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«A Dissertation Submitted to the Graduate Faculty of the Louisiana State University and Agricultural and Mechanical College in partial fulfillment of ...»

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Similarly, the MCF values between Mode 5 (the 1st symmetric torsional mode) and the other modes are shown Fig. 2.6. It can be seen that Mode 3 (the 1st vertical symmetric mode) makes the largest contribution to the buffeting response of Mode 5. However, ϑ53 is significantly less than ϑ35 (see Fig. 2.4), suggesting that the aeroelastic modal coupling effects among modes may not have the property of reciprocity, i.e., ϑij may not be equal to ϑji. This is due to the well-known fact that the aeroelastic matrix is not symmetric.

–  –  –

The MCF values between Mode 6 (the 2nd symmetric torsional mode) and the other modes are shown in Fig. 2.7. While both Modes 3 and 5 make more significant contributions than the other modes, the absolute MCF values are very small, indicating that modal coupling between Mode 6 and the other modes are very weak and can thus be ignored.

As observed above, the MCF values for all the modes are relatively small in low wind velocity and increase with the wind velocity. This indicates that modal coupling effect is mostly due to the aeroelastic modal coupling effect since the structural coupling has nothing to do with wind velocity.

–  –  –

For the Yichang Suspension Bridge, the calculated MCF can clearly disclose the nature of modal coupling as well as the contribution of other modes to a given mode. Furthermore, the necessity to include a specific mode in the multimode analysis can be judged through the MCF values. For engineering practice, it can be concluded that Mode 3 (the 1st symmetric vertical bending mode) and Mode 5 (the 1st symmetric torsional mode) should be included in the coupled analysis, while the response of other modes can be solved in a mode-by-mode manner without considering modal coupling. In other words, for any other mode i except for modes 3 &5, ϑij = 0 can be used in Eq. (2.35). The strong coupling effect of buffeting response between Modes 3 and 5 indicates also a strong coupling tendency of flutter behavior between these two modes. This was verified in wind tunnel test showing strong coupling between these two modes for both buffeting and flutter behaviors (Lin et al. 1998).

2.4.4 Buffeting Prediction Using the Proposed Approximate Method

Considering only a limited number of modes, the approximate response spectrum for each mode of coupled buffeting can be obtained through Eq. (2.31) after omitting the third part of the formula. To verify the accuracy of mode selection using the MCF method discussed above, Figs. 2.8 to 10 show the normalized spectral response for Mode 3 (the 1st 27 symmetric vertical mode) and Mode 5 (the 1st symmetric torsional mode) under the wind velocity of 20, 40 and 70 m/s, respectively. The curve labelled as Coupled Multimode Analysis corresponds to a fully coupled analysis of all the seven modes. The curve labelled as Proposed Approximated Method corresponds to the MCF method, considering only the coupling effect between Modes 3 and 5. Finally, Uncoupled Single-mode Analysis corresponds to traditional mode-by-mode single-mode analysis.

–  –  –

1 0.1 0.01 0.001 0.0001 0.08 0.14 0.20 0.26 0.32 0.38

–  –  –

0.001 0.0001 0.08 0.14 0.20 0.26 0.32 0.38

–  –  –

1 0.1 0.01 0.001 0.08 0.14 0.20 0.26 0.32 0.38

–  –  –

0.001 0.0001 0.08 0.14 0.20 0.26 0.32 0.38

–  –  –

1 0.1 0.01 0.001 0.0001 0.08 0.14 0.20 0.26 0.32 0.38

–  –  –

0.01 0.001 0.0001 0.08 0.14 0.20 0.26 0.32 0.38

–  –  –

It is found in these figures that the Proposed Approximated Method predicts very close results to those of Coupled Multimode Analysis except for a shifting of peak frequency shown in Fig. 2.10, due to the approximation of K ≈ Kj discussed earlier. In this figure, the investigated wind velocity 70 m/s is much higher than the design wind velocity of 29 m/s.

Even though this observed shifting of the peak value frequency, the calculated RMS values of buffeting responses from these two methods are very close. This is because that the total areas under these two curves are about the same. The RMS errors for the vertical displacement of Mode 3 in terms of the generalized coordinate under wind velocities of 20 m/s, 40 m/s, and 70 m/s are 0 %, 1.1 %, and 3.1 %, respectively.

30 Results from Figs. 2.8 to 2.10 show two peak values for Mode 3 (top half of the figure).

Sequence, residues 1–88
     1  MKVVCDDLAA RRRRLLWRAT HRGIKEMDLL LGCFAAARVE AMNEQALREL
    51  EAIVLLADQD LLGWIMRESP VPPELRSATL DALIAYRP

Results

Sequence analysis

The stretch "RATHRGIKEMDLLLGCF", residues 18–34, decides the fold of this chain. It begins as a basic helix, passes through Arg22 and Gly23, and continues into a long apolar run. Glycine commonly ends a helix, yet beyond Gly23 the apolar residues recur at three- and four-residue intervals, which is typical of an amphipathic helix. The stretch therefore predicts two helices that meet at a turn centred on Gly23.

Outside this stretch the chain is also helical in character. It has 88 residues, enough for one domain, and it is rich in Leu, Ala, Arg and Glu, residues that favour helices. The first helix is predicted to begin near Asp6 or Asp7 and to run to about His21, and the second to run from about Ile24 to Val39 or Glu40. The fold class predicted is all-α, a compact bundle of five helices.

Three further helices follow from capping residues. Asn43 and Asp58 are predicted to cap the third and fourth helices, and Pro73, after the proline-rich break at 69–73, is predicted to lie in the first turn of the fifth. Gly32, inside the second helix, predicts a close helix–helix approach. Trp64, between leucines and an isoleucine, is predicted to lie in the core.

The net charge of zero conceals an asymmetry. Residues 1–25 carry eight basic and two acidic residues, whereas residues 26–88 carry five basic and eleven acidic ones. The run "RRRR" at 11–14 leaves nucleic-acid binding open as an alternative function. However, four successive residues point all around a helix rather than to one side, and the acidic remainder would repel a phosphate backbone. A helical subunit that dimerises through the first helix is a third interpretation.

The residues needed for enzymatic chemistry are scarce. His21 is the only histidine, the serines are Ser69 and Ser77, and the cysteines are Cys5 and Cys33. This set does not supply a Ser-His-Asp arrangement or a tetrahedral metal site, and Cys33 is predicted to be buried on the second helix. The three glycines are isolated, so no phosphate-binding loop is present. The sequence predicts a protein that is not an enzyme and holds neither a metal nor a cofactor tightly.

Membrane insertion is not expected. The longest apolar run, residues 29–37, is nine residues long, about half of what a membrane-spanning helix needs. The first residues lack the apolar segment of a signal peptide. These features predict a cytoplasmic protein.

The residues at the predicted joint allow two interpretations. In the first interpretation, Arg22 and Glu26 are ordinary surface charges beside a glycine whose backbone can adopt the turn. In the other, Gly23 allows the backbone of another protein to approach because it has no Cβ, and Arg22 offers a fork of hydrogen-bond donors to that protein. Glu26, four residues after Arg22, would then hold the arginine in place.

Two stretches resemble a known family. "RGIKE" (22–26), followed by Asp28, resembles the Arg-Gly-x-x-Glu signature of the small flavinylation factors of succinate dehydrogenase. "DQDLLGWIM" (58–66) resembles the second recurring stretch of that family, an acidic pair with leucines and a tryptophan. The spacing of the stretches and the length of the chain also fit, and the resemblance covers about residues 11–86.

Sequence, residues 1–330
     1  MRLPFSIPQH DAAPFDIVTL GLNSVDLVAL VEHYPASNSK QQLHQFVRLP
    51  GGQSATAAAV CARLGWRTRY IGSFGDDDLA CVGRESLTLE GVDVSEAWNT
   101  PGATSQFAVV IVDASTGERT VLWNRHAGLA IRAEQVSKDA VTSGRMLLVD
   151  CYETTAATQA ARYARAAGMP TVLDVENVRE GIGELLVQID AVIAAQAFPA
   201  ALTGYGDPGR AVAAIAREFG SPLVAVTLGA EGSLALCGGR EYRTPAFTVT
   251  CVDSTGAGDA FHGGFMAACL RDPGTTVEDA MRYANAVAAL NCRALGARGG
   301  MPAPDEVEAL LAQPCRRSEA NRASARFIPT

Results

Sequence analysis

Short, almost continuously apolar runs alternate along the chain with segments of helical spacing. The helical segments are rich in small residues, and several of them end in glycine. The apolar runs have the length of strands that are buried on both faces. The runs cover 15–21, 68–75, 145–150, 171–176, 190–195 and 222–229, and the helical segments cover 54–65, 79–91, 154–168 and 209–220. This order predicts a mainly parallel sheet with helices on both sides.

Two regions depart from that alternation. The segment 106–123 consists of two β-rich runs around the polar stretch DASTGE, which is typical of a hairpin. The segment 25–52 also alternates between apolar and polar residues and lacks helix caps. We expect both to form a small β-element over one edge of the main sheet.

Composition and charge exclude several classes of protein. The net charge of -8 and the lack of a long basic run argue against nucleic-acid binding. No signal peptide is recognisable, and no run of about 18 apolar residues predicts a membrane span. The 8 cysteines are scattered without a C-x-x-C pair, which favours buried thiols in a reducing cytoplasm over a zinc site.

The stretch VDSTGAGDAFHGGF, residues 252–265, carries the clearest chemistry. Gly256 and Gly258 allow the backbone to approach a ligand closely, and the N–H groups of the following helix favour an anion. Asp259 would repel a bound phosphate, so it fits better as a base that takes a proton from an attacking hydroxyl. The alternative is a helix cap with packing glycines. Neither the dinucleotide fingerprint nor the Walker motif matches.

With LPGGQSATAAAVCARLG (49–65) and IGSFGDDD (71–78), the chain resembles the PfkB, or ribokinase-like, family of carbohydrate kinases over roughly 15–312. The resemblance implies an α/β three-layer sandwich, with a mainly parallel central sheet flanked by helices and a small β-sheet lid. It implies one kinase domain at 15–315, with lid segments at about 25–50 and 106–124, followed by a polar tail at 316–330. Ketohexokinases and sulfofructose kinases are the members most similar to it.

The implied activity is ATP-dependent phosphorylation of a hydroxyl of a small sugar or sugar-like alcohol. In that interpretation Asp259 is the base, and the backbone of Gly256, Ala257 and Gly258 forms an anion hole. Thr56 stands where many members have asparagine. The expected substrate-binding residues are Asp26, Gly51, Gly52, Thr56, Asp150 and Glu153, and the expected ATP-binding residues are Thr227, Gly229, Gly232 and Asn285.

The first one, corresponding to its own natural frequency, represents the resonant vibration of Mode 3. The second peak, corresponding to the natural frequency of Mode 5, represents the contribution of Mode 5 to Mode 3 vibration due to modal coupling. Comparison of these figures shows that the second peak value of Mode 3 increases with the wind velocity. At the wind velocity of 70 m/s shown in Fig. 2.10, the second peak value is even larger than the first one, indicating that the coupling effect is a significant, or even become a major, contributor to the buffeting response. In this case, ignoring the coupling effect of Mode 5 on Mode 3 would result in a significant error by comparing the curve labelled “Uncoupled Single-mode Analysis” and the curve labelled “Proposed Approximated Method.” This is due to the strong modal coupling effect as indicated by a large value of ϑ35 (see Fig. 2.4). In comparison, for the Mode 5 (bottom half of the figure), the difference between these two curves (and the other one) is trivial since the modal coupling effect is weak as indicated by a small value of ϑ53 (see Fig. 2.6).

The above calculation is based on the spectrum of individual mode in terms of generalized coordinates. To study the accuracy of the proposed MCF method in terms of the physical displacement, the total RMS values of buffeting response were calculated using Eq.

(2.35) under different wind velocities. The results of the MCF method (considering coupling effect between modes 3 and 5) are compared in Table 2.3 with that of fully coupled analysis (considering coupling effect among all of the 7 modes) and the uncoupled single-mode calculation (ignoring coupling effect among all of the 7 modes). Comparison of the results suggests that the proposed method results in an error of less than 5% in terms of the RMS of the total buffeting response, an accuracy good enough for engineering application.

2.5 Concluding Remarks

In the present study, a general modal coupling quantification method is introduced through analytical derivations of coupled multimode buffeting analysis. With the proposed Modal Coupling Factor, modal coupling effect between any two modes can be quantitatively assessed, which will help better understand modal coupling behavior of long-span bridges under wind action. Such assessment procedure will also help providing a quantitative guideline in selecting key modes that need to be included in coupled buffeting and flutter analyses. As seen in the numerical example, only as few as two key modes are necessary to be included into modal coupling analysis for the engineering practice. While the example does not necessarily represent the most common cases for long span bridges, it demonstrates that only the coupling effect among limited modes are really necessary to be considered in coupled analysis and selecting only the necessary modes will significantly reduce the calculation effort.